My wife and I are joining my extended family this week for a cruise to celebrate my dad’s upcoming 90th birthday. It’s a special treat for Lisa and me to have all our children and daughter-in-law together, within walking distance.
Most of you reading this post have your kids with you every day, and it’s a bit difficult to truly appreciate something that is always there. But perhaps you can let an empty nester look back so that you can make the most of this blessed (but temporary) season when your children are at home.
If I could say anything to myself 20 years ago, it would be, “Gary, raising children is a season. It won’t last forever.”
I always knew that, but it didn’t drive my heart, even though there were occasional glimpses.
I was away on a speaking trip once, walking through a mall, when I saw a little girl run up to her dad, his arms laden with packages.
“Daddy? Will you carry me? My legs are tired.”
The young father sighed, moved all his packages from one hand to the other, and scooped up his little girl into one arm.
That’s when it hit me: When was the last time I had carried one of my children through the mall because their little legs were too tired to walk?
I couldn’t remember.
How I wish someone had told me, “Gary, this is the last time you’ll get to do this. Take a mental snapshot of this moment. Relish it. Taste it. You’ll never experience it again.”
In a desperate attempt to recapture what was lost, I returned home and asked my then 12-year-old daughter, “Kelsey, can I carry you through the mall one last time?”
You can imagine how a 12-year-old girl would respond to that.
One day you’re looking for a changing table, a crib, a clean diaper bag, becoming familiar with the smells of baby powder and Desitin; the next day you’re buying a bed that looks like a car, or decorating a room to make it look like a castle; then you’re purchasing shin guards or ballet slippers or a violin; one month later, it feels like you’re actually talking about whether to buy or rent the graduation gown (never buy).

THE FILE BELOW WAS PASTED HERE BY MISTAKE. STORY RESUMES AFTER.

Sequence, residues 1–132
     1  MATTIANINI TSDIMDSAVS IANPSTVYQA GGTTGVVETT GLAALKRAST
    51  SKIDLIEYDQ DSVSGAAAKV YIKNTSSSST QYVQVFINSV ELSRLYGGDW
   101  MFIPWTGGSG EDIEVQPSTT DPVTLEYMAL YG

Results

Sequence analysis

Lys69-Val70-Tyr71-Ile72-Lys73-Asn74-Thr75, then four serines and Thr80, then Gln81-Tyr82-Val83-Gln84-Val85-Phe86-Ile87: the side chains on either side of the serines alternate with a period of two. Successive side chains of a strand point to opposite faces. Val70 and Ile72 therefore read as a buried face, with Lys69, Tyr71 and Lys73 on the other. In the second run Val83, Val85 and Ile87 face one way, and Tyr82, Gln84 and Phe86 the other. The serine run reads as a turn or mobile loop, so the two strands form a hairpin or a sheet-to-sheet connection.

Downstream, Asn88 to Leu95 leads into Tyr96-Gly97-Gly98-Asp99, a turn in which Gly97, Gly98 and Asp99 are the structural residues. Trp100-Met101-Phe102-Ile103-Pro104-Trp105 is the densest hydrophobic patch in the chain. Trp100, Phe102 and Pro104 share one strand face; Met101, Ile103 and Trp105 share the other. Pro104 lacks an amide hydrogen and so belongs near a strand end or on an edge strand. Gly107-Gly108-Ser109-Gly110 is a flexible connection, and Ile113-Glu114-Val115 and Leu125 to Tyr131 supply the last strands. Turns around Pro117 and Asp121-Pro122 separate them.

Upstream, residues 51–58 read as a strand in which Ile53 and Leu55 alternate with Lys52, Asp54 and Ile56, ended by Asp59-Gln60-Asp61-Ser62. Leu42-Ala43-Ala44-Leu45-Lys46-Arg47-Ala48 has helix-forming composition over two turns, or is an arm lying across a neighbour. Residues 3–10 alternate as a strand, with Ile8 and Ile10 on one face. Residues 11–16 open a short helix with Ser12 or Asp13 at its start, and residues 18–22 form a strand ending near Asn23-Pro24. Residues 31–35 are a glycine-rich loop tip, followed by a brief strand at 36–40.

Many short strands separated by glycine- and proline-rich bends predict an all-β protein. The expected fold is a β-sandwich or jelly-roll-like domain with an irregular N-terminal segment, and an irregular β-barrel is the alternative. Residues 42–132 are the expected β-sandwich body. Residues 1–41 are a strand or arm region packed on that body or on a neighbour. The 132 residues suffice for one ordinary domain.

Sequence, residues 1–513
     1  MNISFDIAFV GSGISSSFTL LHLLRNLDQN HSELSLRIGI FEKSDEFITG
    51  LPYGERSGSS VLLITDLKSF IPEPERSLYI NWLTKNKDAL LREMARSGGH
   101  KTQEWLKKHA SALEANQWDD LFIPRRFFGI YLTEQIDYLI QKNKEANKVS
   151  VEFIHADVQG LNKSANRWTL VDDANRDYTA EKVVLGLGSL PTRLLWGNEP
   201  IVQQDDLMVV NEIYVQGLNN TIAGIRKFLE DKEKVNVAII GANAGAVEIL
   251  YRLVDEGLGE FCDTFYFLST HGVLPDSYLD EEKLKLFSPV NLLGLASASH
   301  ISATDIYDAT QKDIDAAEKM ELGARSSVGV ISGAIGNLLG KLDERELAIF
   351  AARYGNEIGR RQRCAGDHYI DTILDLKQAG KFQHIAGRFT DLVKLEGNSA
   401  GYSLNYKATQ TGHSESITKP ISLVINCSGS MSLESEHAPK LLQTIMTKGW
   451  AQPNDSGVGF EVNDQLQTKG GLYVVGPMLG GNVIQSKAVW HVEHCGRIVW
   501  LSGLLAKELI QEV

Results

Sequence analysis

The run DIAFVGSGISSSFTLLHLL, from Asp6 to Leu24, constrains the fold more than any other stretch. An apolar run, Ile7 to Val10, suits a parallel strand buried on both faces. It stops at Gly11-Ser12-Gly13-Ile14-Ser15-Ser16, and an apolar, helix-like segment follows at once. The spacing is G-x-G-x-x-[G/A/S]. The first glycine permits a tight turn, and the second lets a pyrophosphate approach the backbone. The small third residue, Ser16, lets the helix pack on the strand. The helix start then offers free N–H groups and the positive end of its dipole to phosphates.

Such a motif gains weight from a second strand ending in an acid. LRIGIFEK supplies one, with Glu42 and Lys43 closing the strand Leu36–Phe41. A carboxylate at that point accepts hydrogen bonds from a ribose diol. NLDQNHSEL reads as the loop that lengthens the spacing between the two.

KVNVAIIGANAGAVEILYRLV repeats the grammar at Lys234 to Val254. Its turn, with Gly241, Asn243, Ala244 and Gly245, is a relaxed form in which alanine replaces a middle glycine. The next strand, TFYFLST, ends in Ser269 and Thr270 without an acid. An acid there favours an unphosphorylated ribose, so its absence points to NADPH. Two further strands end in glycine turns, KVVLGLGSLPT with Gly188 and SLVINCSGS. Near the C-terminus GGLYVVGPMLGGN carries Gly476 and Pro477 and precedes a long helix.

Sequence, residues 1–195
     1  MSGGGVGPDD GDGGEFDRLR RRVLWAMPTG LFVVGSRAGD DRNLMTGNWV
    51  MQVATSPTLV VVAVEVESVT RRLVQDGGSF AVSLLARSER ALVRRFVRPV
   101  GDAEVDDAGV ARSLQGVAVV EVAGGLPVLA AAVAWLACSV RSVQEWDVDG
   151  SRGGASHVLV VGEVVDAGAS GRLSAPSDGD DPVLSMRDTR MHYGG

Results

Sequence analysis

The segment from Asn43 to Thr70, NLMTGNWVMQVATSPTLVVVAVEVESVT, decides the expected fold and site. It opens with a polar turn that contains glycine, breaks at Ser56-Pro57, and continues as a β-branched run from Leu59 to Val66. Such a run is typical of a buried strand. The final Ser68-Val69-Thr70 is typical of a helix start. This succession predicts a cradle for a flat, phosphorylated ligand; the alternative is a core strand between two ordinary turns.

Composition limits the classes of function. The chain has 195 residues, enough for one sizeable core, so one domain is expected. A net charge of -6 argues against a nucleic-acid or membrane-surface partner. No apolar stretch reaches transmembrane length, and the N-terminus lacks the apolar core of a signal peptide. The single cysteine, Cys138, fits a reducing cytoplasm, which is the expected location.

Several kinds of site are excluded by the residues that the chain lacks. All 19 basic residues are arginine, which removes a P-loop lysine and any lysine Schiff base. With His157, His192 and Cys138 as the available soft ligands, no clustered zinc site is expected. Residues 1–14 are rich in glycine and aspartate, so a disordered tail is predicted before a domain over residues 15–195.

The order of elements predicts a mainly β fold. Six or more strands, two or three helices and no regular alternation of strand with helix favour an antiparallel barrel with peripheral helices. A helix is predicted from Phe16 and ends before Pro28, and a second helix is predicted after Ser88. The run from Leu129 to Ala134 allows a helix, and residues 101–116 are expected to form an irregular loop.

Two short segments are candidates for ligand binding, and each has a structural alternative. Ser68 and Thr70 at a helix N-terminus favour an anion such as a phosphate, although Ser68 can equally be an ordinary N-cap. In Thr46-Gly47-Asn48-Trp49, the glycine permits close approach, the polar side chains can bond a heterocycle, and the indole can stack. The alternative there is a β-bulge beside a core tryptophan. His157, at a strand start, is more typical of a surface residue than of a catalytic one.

And then it’s over.
The house goes quiet.
The backseat of your car is actually clean: no Cheese-its; no sippy cups. No fast food wrappers or sweaty uniforms. In fact, you can go 5,000 miles without anybody ever sitting in the backseat.
I wish I had known that all those vacuum jobs were signposts of abundance, as if I was depositing ridiculously large checks in a bank account of rich memories. Sign the check, deposit. Vacuum the car, remember why it got dirty.
I wish I had done that.
It’s hard to believe, but there was a time when we just wanted to get Graham to pee into a toilet bowl.
My wife had tried everything, but Graham preferred the diaper. Lisa read about a brilliant idea and we decided to test it. I drew a picture of a fire on a piece of toilet paper, threw the toilet paper into the bowl, and yelled, with great urgency, “Hey, bud, come put out the fire!”
Graham took one look at that fire and did what a fireman has to do…
Is it possible to miss potty time?
Yes, it is.
One day, we clapped because Graham finally peed in the toilet bowl. Today, he’s getting an MBA from Harvard.
I love it that I can call Graham and discuss Plato’s Symposium. I appreciate that he knows far more about investments than I ever will. But part of me still misses a little boy just learning to “put out the fire.”
Don’t let this season slip away. Seize it. Every day of it. Early church father John Chrysostom offers much wisdom when he tells ancient husbands, “Show your wife that you value her company and prefer being at home to being out.”
It’s a good sign if you can’t wait to get home; it’s a bad sign if you’re finding more and more excuses to stay away from home.
I’ve seen both husbands and wives, at various points in their lives, find creative ways to get out of the house. Everybody needs some time away once in a while. But when you prefer to stay out of the house, that’s a problem. You’re missing something very special.
If God offered me and Lisa three months of luxury accommodations and an unlimited budget to explore Europe, or one weekend back in our tiny townhouse when the kids were all younger than 10 and money had to be counted by the pennies (and we drove a car that died every time we took a sharp right-hand turn), we’d both take the weekend with our little kids, without even hesitating.
Young parent—this is a rich season. It’s tiring. It’s messy. It keeps you awake, but someday, sooner than you can believe, I bet you’d give up a luxury vacation just to get one of these weekends back.
Seize this season. Remember it. Let it wash over you and treat these days with your kids like the golden treasures that they are.
This article originally appeared here.